Phil Gramm didn't look any different at the Hyatt Regency last night. Or act any different. Or say anything he hasn't already said.

Oh, but all the Republicans on hand nibbling quiche and pineapple knew the real truth. After merely six weeks away, he was a new man.

Now, he was one of THEM.

At a jammed-packed party befitting the GOP, Texas Rep. Phil Gramm was welcomed back to Washington and into the Republican Party last night with much fuss and fanfare. After all, it's not everyday a Democrat quits Congress and defects from his party two months after winning an election, and then runs again as a Republican. And wins.

"I'm just the same old dull congressman," offered Gramm, pumping the flow of hands filing into room. A few minutes later though, Gramm was more energized, pledging to be a "good soldier in the Republican army."

"You all probably think that the Democratic leadership never offered to have a party like this for me," Gramm continued, while everyone paused, mid-egg roll. "They did. All I had to do was offer to be burned at the stake."

The crowd ate it up. He's a real hero these days. Last January, for the first time in 70 years, the Democratic leadership voted to strip a member of his committee seat because of party disloyalty. Gramm was unceremoniously dumped from the powerful House Budget Committee for consorting with David Stockman.

An outspoken booster of Reaganomics for almost as long as Reagan has been, Gramm promptly switched parties and returned to Texas to run in a special election last month. He won with 55 percent of the vote, and Republicans held a seat for him on the Budget Committee.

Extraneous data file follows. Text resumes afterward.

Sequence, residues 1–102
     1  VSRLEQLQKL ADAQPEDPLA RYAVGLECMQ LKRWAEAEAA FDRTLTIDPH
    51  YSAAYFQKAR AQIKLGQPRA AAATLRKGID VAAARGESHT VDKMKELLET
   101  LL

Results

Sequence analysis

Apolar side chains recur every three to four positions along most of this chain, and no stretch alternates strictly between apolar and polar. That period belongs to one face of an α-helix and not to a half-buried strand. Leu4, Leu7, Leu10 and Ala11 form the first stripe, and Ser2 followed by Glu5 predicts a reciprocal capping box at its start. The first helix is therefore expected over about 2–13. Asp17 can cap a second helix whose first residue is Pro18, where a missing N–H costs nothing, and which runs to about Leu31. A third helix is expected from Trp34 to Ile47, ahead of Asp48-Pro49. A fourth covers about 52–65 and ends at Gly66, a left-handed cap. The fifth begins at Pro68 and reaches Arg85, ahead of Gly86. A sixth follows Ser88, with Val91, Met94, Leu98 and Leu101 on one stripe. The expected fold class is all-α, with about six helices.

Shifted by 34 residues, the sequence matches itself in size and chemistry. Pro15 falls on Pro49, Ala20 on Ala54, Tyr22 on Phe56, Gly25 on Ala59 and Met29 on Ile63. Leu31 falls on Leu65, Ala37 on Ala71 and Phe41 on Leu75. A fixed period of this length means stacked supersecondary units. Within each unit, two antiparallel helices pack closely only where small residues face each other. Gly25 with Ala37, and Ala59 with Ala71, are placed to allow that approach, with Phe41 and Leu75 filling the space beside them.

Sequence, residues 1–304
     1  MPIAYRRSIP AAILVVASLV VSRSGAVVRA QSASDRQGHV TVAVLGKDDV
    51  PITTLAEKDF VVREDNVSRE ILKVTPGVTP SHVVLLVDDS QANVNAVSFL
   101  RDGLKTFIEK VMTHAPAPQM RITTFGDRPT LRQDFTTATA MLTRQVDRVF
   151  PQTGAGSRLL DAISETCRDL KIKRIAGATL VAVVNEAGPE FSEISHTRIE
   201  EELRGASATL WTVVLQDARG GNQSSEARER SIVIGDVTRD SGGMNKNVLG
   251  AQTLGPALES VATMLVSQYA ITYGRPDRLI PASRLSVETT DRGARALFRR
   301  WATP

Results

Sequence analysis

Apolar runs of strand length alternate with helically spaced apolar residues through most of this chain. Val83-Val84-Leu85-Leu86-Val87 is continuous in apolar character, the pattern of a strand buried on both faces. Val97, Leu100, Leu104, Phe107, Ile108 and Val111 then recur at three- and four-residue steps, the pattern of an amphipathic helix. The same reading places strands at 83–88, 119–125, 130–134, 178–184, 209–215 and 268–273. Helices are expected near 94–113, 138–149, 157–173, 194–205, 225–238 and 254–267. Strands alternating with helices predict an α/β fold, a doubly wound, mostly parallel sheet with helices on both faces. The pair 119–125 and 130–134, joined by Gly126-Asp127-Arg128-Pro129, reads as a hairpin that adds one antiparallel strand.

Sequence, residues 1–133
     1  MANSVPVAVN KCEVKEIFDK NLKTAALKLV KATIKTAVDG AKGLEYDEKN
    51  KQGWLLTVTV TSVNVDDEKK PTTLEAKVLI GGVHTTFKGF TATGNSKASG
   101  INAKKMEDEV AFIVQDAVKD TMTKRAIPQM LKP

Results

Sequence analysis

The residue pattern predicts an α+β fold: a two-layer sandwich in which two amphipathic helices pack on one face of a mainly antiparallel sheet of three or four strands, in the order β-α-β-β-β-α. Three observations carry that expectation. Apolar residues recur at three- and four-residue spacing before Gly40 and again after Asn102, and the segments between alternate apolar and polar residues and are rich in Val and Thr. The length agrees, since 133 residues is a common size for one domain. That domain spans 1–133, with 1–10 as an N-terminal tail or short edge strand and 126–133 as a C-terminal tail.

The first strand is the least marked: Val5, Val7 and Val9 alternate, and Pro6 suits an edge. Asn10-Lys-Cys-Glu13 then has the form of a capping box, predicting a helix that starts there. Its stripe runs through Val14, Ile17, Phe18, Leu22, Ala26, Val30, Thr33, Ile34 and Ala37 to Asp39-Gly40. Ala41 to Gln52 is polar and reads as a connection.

"He was philosophically and fundamentally a Republican before he switched, so that's all the same," said Sen. John Tower (R-Tex.), wearing canary-yellow plastic sunglasses with little red lights on them. "And your personality doesn't change if you switch parties. I was born a Democrat myself and I got over it."

"It will help on the budget," said Sen. Robert Dole (R-Kan.), chairman of the Senate Finance Committee. "It would be even better if we had those other 26 seats back that we lost. This is sort of a hard way to do it."

The party was cohosted by the Republican National Committee and the National Republican Congressional Committee, both of which heavily financed Gramm in the special election. The room was mainly packed with Hill staff aides and Gramm friends.

At the end, Rep. Guy Vander Jagt (R-Mich.), chairman of the NRCC, called Gramm "the brightest, most articulate star in the Republican constellation."

Then he showed everyone the golf tees he and Gramm received from President Reagan when they visited the Oval Office last week. They weren't ordinary golf tees. They had a special messages on them: Stay the Course.

Everyone laughed and went back to the egg rolls.